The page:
News & Events

We Want to Empower Dads!

Solidifying a prominent place for dads in families is one of our goals. When fathers play an active role in their children’s lives, they gain greater verbal skills, patience, and intellectual functioning. This is true even if the father does not live with his children.

Across Rising Ground programs, this can mean helping fathers  regain custody of their children, learn how to co-parent, or engage with their children's Early Head Start class. Fathers play a huge role in their children's success. 

But some dads who face adversity and live in poverty often lose touch with their children, according to Reginald Mitchell, who leads Rising Ground’s Fatherhood Initiative. “They may be on bad terms with their children’s guardian or ashamed that they are unemployed or homeless. They may come to us after they’ve been removed from the home by authorities and feel that they’ve failed as a father,” Mr. Mitchell says.

The Fatherhood Initiative helps fathers who have lost custody of their children to develop parenting and co-parenting skills, make positive changes in their lives, and learn to advocate for themselves to regain their parental rights.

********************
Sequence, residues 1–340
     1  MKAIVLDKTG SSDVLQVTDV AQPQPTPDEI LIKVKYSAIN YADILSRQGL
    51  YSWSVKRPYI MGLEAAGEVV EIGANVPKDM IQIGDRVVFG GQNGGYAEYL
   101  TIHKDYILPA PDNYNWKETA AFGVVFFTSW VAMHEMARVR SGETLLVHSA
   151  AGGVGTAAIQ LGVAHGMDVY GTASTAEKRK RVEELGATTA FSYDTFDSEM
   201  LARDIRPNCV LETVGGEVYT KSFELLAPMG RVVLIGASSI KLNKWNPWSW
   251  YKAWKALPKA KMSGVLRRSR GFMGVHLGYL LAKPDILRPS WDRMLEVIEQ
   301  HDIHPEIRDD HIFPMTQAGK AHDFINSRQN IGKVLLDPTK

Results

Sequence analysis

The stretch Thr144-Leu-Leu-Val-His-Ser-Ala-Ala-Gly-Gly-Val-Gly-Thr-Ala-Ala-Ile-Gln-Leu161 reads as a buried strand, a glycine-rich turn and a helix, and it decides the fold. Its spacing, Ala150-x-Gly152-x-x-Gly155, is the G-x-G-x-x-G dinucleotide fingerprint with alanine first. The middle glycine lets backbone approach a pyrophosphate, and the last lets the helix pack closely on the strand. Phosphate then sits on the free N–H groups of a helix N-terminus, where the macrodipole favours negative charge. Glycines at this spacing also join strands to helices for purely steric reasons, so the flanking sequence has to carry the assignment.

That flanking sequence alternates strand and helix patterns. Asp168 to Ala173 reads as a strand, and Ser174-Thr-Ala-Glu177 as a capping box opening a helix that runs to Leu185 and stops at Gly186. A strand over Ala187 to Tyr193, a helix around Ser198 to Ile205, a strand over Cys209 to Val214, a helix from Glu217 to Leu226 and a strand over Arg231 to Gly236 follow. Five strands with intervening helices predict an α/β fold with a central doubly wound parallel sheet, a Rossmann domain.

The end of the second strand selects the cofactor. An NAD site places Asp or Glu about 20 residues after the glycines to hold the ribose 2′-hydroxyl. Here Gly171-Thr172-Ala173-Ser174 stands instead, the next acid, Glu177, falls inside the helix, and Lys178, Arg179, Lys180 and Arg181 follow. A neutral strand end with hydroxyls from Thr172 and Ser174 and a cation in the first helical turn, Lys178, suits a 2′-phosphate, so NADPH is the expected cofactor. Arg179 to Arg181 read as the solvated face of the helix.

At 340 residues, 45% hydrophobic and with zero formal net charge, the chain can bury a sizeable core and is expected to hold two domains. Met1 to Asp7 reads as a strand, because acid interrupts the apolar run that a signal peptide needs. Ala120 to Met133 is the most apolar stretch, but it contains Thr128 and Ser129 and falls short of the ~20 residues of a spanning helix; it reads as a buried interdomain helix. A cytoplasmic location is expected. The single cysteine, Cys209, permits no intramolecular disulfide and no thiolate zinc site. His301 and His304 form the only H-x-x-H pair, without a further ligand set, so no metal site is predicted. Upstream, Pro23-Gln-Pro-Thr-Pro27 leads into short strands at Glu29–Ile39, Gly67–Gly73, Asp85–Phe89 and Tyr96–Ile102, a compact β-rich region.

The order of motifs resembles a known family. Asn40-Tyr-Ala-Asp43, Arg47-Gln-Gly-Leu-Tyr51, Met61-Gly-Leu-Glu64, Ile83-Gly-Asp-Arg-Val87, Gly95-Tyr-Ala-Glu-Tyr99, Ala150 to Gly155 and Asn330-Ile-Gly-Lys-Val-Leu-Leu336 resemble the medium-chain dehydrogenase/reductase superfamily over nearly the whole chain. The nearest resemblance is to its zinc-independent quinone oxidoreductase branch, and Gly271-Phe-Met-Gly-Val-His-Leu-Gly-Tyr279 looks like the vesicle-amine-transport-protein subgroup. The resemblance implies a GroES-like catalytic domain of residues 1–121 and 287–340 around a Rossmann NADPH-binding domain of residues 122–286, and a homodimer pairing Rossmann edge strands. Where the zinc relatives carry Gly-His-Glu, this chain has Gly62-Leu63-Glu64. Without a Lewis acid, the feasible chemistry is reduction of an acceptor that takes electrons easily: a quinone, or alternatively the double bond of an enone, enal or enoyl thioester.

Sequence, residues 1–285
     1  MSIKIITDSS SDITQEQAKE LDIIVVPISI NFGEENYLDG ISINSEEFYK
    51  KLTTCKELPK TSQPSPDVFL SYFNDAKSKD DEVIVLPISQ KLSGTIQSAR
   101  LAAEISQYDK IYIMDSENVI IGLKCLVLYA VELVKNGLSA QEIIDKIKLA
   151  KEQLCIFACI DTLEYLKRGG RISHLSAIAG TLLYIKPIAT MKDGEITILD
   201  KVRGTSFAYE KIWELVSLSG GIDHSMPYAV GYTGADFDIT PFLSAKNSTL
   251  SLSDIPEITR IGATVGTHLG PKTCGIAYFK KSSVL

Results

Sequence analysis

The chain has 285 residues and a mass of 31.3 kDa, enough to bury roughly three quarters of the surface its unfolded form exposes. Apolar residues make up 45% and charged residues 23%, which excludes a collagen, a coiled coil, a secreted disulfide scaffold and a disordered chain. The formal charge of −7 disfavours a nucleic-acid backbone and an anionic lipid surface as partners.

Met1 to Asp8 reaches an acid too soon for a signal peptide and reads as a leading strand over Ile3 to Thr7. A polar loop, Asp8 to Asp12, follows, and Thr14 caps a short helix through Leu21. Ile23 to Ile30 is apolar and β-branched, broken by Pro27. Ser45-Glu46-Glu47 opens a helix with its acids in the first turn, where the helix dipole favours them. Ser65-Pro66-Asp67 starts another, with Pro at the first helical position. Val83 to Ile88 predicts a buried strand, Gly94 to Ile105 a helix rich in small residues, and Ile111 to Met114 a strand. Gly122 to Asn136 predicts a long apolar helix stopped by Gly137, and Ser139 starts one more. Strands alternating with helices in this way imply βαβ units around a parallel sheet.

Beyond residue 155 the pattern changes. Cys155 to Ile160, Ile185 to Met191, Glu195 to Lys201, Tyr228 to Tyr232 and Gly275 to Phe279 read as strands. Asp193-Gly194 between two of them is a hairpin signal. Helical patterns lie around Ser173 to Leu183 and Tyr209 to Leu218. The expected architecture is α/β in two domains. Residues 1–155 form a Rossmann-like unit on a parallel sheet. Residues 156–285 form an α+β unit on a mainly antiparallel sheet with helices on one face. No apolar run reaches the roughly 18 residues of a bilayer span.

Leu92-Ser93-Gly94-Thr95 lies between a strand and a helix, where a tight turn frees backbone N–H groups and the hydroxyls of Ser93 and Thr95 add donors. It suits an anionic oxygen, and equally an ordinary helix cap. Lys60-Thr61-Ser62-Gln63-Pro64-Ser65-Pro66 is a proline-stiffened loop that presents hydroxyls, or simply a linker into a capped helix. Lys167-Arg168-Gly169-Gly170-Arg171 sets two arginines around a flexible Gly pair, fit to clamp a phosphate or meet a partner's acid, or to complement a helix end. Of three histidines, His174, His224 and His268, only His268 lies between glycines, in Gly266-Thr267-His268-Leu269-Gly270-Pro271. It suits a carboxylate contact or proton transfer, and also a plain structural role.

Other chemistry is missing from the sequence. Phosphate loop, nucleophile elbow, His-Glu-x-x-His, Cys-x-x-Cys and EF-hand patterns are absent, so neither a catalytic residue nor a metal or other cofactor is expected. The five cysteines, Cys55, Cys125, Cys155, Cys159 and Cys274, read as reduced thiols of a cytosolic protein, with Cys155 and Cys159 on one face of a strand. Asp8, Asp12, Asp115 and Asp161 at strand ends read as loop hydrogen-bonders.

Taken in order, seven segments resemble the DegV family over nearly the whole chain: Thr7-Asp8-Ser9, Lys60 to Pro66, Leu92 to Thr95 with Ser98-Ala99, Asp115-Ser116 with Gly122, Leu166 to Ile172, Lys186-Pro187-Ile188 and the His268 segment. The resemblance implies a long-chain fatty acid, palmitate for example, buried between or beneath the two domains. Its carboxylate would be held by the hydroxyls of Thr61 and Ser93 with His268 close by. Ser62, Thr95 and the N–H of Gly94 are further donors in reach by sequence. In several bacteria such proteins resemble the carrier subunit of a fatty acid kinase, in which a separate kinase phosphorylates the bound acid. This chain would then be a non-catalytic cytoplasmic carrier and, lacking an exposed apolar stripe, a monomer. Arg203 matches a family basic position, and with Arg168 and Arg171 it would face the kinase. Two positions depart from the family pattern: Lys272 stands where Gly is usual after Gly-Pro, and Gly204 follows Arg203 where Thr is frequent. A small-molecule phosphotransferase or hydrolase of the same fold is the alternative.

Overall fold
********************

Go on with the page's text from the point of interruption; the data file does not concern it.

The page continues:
Recently, Mr. Mitchell sat down with George Bodarky, host of Community Dialogues on WFUV, to talk about how the Fatherhood Initiative empowers fathers to become the dads they want to be — loved and respected by their children.

Here are some of the key takeaways with comments by Mr. Mitchell from the interview. conversation. Click here to listen to the full 20-minute conversation..

• “The nucleus of the program is reconnecting the fathers to raise their parental awareness overall, and at the end of the day, we're trying to give them some healthy habits to co-parent better and to have a fatherly approach.”

• The work is emotional. “I've had dads cry and bawl in front of me,” Mr. Mitchell says. The program allows men to process feelings of shame for not being there for their children. They are able to move past that so they are ready to become a “provider, protector, nurturer.”

• Fathers who’ve been through the program, found employment, and reconnected with their children come back to show new fathers that they can change for the better. “People don't believe that things will work in their favor. You know the old cliché. If you see somebody you respect do it or somebody who you know do it, you most likely know that it can work for you.”